- Your shoulder is a ball-and-socket joint made up of three bones: your upper arm bone (humerus), your shoulder blade (scapula), and your collarbone (clavicle).
- The head of the upper arm bone fits into a shallow socket in your shoulder blade. Strong connective tissue, called the shoulder capsule, surrounds the joint.
- To help your shoulder move more easily, synovial fluid lubricates the shoulder capsule and the joint.
- Frozen shoulder, also called adhesive capsulitis, causes pain and stiffness in the shoulder. Over time, the shoulder becomes progressively harder to move.
- In frozen shoulder, the shoulder capsule thickens and becomes stiff and tight. Thick bands of tissue — called adhesions — develop. In many cases, there is less synovial fluid in the joint.
- The hallmark signs of this condition are severe pain and being unable to move your shoulder — either on your own or with the help of someone else. It develops in three stages:
- Freezing: In the "freezing" stage, you slowly have more and more pain. As the pain worsens, your shoulder loses range of motion. Freezing typically lasts from 6 weeks to 9 months.
- Frozen: Painful symptoms may actually improve during this stage, but the stiffness remains. During the 4 to 6 months of the "frozen" stage, daily activities may be very difficult.
- Thawing: Shoulder motion slowly improves during the "thawing" stage. Complete return to normal or close to normal strength and motion typically takes from 6 months to 2 years.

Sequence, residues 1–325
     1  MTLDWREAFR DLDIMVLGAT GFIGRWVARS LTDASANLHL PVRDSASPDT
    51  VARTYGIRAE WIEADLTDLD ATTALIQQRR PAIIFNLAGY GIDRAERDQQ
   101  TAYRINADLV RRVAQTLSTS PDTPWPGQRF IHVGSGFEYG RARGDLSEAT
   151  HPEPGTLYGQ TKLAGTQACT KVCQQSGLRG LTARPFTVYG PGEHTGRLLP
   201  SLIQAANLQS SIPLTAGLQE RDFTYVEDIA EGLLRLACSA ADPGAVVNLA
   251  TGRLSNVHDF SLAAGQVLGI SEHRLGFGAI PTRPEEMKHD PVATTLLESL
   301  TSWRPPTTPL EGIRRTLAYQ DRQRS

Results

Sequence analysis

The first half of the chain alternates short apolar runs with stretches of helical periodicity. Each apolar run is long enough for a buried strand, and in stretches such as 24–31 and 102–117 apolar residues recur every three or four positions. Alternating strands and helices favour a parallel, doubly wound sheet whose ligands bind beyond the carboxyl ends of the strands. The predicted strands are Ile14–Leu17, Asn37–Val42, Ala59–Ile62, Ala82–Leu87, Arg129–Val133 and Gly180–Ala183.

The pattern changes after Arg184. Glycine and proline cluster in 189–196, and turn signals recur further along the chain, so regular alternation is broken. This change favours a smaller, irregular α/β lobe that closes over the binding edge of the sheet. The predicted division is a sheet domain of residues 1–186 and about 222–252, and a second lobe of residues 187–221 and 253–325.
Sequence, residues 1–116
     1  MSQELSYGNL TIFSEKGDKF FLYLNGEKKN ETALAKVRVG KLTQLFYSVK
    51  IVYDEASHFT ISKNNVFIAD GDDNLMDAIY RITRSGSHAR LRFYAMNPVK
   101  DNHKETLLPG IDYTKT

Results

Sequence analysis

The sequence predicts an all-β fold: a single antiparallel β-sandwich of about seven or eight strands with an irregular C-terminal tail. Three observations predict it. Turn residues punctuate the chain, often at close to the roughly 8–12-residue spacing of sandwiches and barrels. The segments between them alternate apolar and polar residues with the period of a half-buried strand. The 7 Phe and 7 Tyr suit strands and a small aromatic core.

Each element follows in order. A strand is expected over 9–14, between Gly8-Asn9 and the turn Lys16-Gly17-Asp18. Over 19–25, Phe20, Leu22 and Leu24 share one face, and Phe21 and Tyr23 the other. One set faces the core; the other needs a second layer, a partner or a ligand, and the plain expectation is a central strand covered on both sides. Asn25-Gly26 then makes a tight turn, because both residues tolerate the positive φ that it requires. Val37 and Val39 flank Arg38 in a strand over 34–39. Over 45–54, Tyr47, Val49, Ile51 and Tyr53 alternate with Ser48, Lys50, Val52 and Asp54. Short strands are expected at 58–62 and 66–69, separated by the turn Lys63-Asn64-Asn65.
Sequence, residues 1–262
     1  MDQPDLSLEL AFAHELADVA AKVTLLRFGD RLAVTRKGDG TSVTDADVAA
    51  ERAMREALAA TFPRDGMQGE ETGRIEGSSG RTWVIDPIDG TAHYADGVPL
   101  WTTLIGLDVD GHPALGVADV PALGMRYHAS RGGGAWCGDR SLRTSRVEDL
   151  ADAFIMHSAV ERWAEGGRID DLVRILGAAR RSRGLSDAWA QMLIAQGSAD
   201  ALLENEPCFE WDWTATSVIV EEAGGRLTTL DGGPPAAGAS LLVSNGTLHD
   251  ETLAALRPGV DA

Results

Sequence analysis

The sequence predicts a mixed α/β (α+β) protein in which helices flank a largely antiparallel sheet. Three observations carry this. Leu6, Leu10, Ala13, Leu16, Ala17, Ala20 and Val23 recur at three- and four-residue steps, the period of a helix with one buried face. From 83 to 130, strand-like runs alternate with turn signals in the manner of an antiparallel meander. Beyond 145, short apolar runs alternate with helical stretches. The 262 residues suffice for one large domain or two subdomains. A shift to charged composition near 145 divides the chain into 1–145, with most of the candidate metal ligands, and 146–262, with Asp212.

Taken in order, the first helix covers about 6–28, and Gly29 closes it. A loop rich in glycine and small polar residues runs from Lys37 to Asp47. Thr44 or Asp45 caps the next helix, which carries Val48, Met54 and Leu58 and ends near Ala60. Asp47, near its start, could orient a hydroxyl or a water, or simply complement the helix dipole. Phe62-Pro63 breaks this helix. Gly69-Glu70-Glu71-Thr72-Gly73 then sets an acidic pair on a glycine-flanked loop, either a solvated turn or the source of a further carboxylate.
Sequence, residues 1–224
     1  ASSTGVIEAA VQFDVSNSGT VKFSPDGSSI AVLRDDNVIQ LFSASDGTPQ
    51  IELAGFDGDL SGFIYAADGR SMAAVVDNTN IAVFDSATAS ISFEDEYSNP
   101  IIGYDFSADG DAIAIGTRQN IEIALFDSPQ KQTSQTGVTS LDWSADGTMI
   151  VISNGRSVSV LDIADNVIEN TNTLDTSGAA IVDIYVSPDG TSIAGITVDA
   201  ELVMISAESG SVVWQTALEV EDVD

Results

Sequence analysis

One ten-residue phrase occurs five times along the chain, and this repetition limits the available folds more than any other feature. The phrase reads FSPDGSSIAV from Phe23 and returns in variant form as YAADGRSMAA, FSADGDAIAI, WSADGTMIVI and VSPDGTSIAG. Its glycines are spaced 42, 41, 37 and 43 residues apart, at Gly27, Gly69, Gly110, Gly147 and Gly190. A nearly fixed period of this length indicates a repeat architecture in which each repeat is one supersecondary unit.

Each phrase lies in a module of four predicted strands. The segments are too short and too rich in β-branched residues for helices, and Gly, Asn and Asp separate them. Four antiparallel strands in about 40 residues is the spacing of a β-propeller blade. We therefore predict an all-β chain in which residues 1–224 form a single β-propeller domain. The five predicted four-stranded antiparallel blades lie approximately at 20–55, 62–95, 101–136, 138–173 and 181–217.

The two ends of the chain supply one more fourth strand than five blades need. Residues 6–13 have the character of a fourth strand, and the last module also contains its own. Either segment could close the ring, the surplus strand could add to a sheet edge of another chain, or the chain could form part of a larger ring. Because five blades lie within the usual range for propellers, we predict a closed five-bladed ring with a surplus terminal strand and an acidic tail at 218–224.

- Not fully understood
- A few factors can put you at greater risk:
- Parkinson’s disease
- Cardiac disease
- After surgery
- After a fracture
- After other injuries to the shoulder
- Usually the pain is described as dull and achy to none at all
- Generally after a period of immobilization
- Inability to move the shoulder fully
Treatment for Frozen shoulder syndrome relies greatly on gaining the range of motion back in the shoulder. This is a progressive condition and it can take over one year to full recover. Physiotherapy is important to create exercises and stretching to meet these goals.
- Nonsteroidal anti-inflammatory medicines. Drugs like ibuprofen and naproxen reduce pain and swelling. Like any over the counter medication, please read and follow the label. If you have a history of stomach ulcers, bleeding ulcers or heart conditions, these medications might not be right for you. Consult your physician if you have any questions.
- Physiotherapy. Under the direction of an experienced physiotherapists, many patients do well by:
- Increasing Range of motion exercises and flexibility
- Massage and TENS
- Topical anti-inflammatories
- Compound Topical Creams
- Steroid (Depo-Medrol, Kenalog, Decadron)
- Blood (PRP – Platelet Rich Plasma)
- Usually the symptoms associated with frozen shoulder are self-limiting
- Under the direction of your surgeon, you may benefit from the following surgeries:
- Manipulation under anesthesia. You are put asleep and the surgeon will manipulate your arm to create more range of motion.
- Shoulder arthroscopy